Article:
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There's a Greater and Lesser Dog in the sky, so in the interests of fairness there has to be a pair of cats as well. But these are no ordinary moggies, knocking over the heavenly dustbins – they are nothing less than lions. Leo is the main lion, and above him is a rather insignificant Lesser Lion, Leo Minor.
Leo himself is crouching down, mane held high, gazing across the Crab, Cancer, towards Gemini, the Twins. If you have ever thought that the constellations were just the result of over-active imaginations, and look nothing like what they are meant to be, Leo will put you right, because it really does look like a lion, at least as much as you can expect stars to be. It's not surprising that this group of stars was seen as a lion by many peoples, and is one of the most ancient constellations of all. Perhaps even our very distant ancestors recognised it as a lion – when they weren't trying to avoid being a real lion's next lunch.
The brightest star in Leo is Regulus – Latin for 'little king', because this was a regal star in ancient times, and of course the lion is the king of beasts. Regulus is at the south end of a backwards-question-mark shape, known in more agricultural times as 'The Sickle'. At the other end of the lion figure is Denebola, from the Arabic for 'Lion's tail'. The word Deneb crops up elsewhere in star names where it marks the tail of a creature.
Sextans, the Sextant, is really only there because people decided to fill in the empty gaps between the main constellations, so there are no bright stars there. It commemorates the the navigational device that was so useful to voyagers in the 18th century.
For hints on understanding the star map, please click here
Unlike some other constellations, Leo doesn't have any easy-to-see objects in it that you can spot straight away – no star clusters or nebulae, for example. Instead, you'll have to look more carefully. Binoculars will help, particularly if they magnify 10 times or more, but a telescope is better. The green ovals on the map above show the positions of some groups of galaxies that are visible in average skies with a small telescope, though you'll have trouble finding them with a small telescope if there's a lot of light pollution around. There are no labels on the map above, to avoid cluttering it, but the left-hand hand group are the brighter ones and include M65, M66 and NGC 3628, while the right-hand group are M95, M96 and M105. The map below shows the area in more detail.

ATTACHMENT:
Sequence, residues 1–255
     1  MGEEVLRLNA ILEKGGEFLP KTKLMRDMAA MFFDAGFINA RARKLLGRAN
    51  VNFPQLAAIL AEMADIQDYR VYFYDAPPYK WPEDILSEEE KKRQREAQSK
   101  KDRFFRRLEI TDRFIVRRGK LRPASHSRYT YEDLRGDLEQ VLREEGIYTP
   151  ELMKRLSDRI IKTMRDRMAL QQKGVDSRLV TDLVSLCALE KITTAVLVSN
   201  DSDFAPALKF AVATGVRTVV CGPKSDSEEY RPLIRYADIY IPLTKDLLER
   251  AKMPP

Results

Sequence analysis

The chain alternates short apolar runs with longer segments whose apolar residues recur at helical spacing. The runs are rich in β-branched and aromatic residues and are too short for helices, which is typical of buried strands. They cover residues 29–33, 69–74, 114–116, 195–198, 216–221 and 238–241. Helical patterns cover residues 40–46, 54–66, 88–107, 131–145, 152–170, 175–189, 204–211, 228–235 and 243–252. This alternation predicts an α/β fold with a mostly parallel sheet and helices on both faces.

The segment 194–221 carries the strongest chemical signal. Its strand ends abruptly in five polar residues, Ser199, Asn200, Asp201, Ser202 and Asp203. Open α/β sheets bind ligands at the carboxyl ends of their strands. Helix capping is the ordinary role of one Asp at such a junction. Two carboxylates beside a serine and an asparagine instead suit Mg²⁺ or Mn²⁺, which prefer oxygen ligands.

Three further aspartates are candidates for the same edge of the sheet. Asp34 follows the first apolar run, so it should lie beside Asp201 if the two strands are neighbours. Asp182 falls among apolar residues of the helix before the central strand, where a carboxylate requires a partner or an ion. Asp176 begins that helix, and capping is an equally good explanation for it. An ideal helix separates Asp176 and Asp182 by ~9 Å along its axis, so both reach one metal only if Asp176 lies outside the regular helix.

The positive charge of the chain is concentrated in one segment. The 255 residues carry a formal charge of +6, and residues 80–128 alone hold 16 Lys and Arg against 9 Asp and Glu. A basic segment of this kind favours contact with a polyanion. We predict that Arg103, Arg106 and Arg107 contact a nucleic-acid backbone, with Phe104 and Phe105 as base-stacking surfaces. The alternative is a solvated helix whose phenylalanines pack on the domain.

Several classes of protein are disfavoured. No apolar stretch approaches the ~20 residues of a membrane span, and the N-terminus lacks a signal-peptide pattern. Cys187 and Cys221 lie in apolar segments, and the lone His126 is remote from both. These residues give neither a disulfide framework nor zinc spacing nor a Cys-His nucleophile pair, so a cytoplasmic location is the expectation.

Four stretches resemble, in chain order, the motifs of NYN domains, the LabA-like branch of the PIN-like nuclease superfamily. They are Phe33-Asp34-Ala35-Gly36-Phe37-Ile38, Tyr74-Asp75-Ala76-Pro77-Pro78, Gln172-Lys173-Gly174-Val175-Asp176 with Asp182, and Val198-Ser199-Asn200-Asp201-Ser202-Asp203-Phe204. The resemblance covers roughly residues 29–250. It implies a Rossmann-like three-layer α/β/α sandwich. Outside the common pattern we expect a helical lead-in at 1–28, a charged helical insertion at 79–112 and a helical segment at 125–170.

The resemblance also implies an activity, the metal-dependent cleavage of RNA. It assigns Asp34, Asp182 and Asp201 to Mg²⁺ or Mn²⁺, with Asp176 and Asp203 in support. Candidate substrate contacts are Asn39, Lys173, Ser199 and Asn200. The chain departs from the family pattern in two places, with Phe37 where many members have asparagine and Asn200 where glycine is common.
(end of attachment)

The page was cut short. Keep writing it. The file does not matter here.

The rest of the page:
Start off by trying to find the M65-66 group. There's a convenient pattern of stars nearby which you can see in binoculars or a telescope finder, and they also lie roughly midway between two brighter stars which you might be able to get on opposite sides of the field of view of your binoculars. The photo at right shows the sort of thing you're looking for – slightly elongated small fuzzy blobs. And above these, just visible, is the edge-on spiral galaxy NGC 3628.
Having found these, now look some distance to the west to find the somewhat fainter M95, M96 and M105 group. If you get to Regulus, you've gone way too far.
If you got these galaxies, you should be able to spot NGC 3115 in Sextans, shown on the main map a long way south of Regulus. It's about as bright as M65 and M66, but not as easy to find because there are fewer stars in the area. You'll have to find the two fifth-magnitude stars on either side first. It's a spindle-shaped galaxy, of a type called a lenticular galaxy, meaning lens-shaped.
While you've got your telescope out, take a look at the star Algieba. It's a double star, though you'll need a magnification of about 200 to see the two stars well. They are both a lovely golden colour, which shows up well in a telescope.
Text by Robin Scagell